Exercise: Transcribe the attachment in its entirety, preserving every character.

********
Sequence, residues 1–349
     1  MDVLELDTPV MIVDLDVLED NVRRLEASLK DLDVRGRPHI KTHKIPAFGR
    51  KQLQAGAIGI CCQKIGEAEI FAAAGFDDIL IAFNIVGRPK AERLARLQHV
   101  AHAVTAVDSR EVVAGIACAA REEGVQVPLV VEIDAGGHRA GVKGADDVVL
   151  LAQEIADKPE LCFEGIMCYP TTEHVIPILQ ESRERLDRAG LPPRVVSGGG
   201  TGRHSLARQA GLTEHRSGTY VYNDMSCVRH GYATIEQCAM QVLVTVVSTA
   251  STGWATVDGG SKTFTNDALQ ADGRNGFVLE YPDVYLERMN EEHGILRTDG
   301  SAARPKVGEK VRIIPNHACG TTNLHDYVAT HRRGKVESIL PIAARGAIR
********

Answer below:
Sequence, residues 1–349
     1  MDVLELDTPV MIVDLDVLED NVRRLEASLK DLDVRGRPHI KTHKIPAFGR
    51  KQLQAGAIGI CCQKIGEAEI FAAAGFDDIL IAFNIVGRPK AERLARLQHV
   101  AHAVTAVDSR EVVAGIACAA REEGVQVPLV VEIDAGGHRA GVKGADDVVL
   151  LAQEIADKPE LCFEGIMCYP TTEHVIPILQ ESRERLDRAG LPPRVVSGGG
   201  TGRHSLARQA GLTEHRSGTY VYNDMSCVRH GYATIEQCAM QVLVTVVSTA
   251  STGWATVDGG SKTFTNDALQ ADGRNGFVLE YPDVYLERMN EEHGILRTDG
   301  SAARPKVGEK VRIIPNHACG TTNLHDYVAT HRRGKVESIL PIAARGAIR